Holly:  Yeah. I see that a lot as well, because a lot of entrepreneurs like to have some kind of real estate. A lot of them don’t actually set up an LLC, and they should. Typically, I find it with a partnership, too, because maybe the entrepreneur wants to have the real estate, but they want to bring in a partner either to finance it, or maybe they’re financing it and somebody else is working in it. What I kind of see is a trend, is people don’t want to put more than ten properties in an LLC. What do you think about that? Should there be one for each one, or is there a reason just to have ten in there?

R. Shawn McBride: Well, I think you need to figure out what the businesses are. Where you’re going to draw the lines and the contours between them. Some people will put each one in a separate LLC. You can do that, but you may not be getting liability protection. Now, you’re paying state fees, you have additional filings, expenses, and you’re not getting the desired result.

Holly:  Yeah.

R. Shawn McBride: It really comes to, how are the assets accumulated? How valuable are the assets? Is it ten inexpensive properties, or is it ten high end hotels? Are they being run separately? There’s a lot of argument if I have a portfolio of hotels, each hotel may really be a separate business. Then, it may make sense to treat each hotel as a separate corporation or LLC.

Holly:  Yeah. If it’s given that as potential liabilities?

R. Shawn McBride: You know, potential liabilities. It’s got its own customer base. Each hotel is going to have a unique location. It’s going to have different benefits, things. It’s probably going to have its own management team. There are a lot of people involved. It’s being run as a business.

Now, if I have a bunch of rental houses, and I put each one in a separate LLC, now I’ve got a three hundred dollar filing fee for each if we’re filing in Texas. Plus, the additional paperwork. A court is probably going to come in at some point, and say “If somebody got hurt on one of the rental properties,” they’re going to say, “How’s this rental property different from that rental property? Were these really different instances?” Probably run by the same management team. Probably the same review of the credit. Probably the same process for renting. They’re probably going to say, “These are all one business. We’re going to bring them back together anyway.” You really need to look at what could happen. Let’s say, “How do we defend these as being separate businesses?”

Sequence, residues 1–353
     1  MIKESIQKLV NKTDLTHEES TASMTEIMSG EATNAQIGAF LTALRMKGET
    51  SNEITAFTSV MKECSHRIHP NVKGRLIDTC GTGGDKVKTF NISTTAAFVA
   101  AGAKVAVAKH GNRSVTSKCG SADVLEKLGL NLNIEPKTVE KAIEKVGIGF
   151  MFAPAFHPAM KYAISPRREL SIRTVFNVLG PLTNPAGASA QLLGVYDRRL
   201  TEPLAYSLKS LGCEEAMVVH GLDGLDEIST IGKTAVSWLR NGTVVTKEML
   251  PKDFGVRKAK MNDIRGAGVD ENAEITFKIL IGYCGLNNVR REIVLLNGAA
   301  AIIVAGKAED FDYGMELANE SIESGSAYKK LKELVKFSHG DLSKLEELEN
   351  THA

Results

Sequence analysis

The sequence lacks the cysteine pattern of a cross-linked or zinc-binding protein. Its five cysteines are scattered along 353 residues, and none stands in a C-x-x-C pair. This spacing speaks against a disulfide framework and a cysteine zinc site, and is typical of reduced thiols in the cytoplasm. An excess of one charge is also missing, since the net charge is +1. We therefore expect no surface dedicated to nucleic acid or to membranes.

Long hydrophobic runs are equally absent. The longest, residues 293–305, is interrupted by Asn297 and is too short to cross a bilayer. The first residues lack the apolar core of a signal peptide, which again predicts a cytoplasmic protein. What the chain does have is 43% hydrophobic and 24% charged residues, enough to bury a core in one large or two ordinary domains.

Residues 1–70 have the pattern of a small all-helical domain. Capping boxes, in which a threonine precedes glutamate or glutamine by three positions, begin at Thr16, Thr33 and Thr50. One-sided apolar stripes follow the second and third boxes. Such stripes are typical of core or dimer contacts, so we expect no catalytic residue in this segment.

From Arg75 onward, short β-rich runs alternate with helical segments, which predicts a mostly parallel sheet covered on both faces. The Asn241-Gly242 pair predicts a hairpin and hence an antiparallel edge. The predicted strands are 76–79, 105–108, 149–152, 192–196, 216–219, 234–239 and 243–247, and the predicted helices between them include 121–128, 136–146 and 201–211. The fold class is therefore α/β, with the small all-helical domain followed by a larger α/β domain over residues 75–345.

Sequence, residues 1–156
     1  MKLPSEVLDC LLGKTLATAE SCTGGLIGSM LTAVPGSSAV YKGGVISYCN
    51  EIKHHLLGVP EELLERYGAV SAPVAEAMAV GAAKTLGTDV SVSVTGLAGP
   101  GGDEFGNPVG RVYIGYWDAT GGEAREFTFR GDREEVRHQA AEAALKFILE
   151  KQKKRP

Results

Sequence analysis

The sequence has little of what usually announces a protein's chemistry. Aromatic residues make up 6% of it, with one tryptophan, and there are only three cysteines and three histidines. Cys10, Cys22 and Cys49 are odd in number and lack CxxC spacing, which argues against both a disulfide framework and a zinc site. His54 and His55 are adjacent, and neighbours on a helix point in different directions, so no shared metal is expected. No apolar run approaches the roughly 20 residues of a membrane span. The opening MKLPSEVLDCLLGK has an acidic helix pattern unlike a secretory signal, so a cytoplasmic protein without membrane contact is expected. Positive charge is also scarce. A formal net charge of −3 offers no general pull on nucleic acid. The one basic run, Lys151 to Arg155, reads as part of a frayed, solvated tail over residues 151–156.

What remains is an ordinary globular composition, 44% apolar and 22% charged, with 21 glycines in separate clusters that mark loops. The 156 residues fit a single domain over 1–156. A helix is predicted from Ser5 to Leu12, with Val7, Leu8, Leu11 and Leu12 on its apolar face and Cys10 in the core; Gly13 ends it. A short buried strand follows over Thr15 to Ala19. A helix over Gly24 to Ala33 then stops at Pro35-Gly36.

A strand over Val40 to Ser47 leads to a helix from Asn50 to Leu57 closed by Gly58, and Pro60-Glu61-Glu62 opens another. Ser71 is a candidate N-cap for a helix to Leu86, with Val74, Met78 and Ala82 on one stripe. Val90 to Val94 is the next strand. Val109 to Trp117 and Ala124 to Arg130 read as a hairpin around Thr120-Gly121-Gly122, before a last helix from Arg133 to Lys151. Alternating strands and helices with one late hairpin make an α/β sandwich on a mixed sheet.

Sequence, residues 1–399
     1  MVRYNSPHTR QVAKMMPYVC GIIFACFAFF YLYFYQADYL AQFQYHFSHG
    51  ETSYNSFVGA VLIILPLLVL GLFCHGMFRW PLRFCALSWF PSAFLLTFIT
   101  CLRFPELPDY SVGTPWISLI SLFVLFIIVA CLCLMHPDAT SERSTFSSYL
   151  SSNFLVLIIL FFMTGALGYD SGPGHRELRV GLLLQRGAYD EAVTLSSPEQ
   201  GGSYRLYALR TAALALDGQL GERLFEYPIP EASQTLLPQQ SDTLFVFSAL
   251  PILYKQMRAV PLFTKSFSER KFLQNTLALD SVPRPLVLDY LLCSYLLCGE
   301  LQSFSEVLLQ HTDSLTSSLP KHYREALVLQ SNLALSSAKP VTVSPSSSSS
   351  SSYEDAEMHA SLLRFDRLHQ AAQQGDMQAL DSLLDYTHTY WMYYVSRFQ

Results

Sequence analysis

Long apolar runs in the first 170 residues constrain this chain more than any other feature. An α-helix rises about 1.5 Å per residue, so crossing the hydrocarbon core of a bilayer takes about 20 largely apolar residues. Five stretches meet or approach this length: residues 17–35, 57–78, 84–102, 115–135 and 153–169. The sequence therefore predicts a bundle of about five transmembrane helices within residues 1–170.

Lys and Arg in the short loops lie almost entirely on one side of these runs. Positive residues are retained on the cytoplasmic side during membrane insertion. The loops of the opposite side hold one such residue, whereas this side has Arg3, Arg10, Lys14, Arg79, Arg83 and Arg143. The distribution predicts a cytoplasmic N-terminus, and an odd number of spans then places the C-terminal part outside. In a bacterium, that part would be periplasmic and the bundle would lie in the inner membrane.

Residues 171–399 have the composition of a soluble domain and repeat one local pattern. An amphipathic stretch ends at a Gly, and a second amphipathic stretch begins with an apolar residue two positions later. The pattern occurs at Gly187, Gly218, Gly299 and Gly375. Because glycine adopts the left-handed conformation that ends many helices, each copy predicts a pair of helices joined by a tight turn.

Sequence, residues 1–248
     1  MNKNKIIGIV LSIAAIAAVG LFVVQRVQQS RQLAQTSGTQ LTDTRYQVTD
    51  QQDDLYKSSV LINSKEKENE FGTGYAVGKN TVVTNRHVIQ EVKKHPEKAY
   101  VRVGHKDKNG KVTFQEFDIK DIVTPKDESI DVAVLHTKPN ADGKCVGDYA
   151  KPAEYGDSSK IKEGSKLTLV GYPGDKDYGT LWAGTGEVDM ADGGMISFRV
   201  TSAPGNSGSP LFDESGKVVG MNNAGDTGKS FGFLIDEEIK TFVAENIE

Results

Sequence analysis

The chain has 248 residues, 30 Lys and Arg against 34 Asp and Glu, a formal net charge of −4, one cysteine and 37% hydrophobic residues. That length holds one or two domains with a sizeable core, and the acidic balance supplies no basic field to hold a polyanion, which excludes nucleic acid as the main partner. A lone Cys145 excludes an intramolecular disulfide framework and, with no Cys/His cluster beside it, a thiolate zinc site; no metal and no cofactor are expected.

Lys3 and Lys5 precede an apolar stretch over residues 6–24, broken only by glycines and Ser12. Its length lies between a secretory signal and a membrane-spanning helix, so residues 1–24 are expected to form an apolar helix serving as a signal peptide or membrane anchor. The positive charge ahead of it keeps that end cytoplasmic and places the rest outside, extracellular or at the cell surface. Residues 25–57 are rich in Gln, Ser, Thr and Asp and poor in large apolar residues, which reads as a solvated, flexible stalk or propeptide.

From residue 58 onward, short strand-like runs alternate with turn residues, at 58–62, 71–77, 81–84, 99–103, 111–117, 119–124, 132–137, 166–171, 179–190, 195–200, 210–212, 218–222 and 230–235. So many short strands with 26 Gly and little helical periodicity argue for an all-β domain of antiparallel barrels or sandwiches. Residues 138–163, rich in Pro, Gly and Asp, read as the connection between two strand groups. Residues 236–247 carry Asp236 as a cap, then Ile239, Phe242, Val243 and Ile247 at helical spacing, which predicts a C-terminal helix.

Holly:  Right. Yeah.

R. Shawn McBride: Are we including county records? Do we have separate financials? Are we blending these businesses together? You really have to look at how it operates, which is where you need to get some other people involved to say, “How does this look from an outside perspective, and is it being done correctly?

Holly:  What about the entrepreneur, and I’ve done a ton of these, where they buy their own building and occupy it, you know? Couldn’t they have a separate LLC for their real estate, because sometimes they’re also renting some rooms, but they’re also occupying it?

R. Shawn McBride: Yeah. Well, definitely, if you’re renting rooms to somebody else, then now you’re starting to say, “Okay. We’ve got third party liabilities. What if somebody gets injured in that other tenant’s space? Do I want to separate that from my business?” If we don’t separate that into a separate company, you’ve got your main business over here, you’ve got the separate business over there, and from a liability perspective you’ve now merged them together. If somebody gets injured on that rental property, your accounting business, or consulting business, or paper supply business, whatever business you’re in, now those assets are being attacked.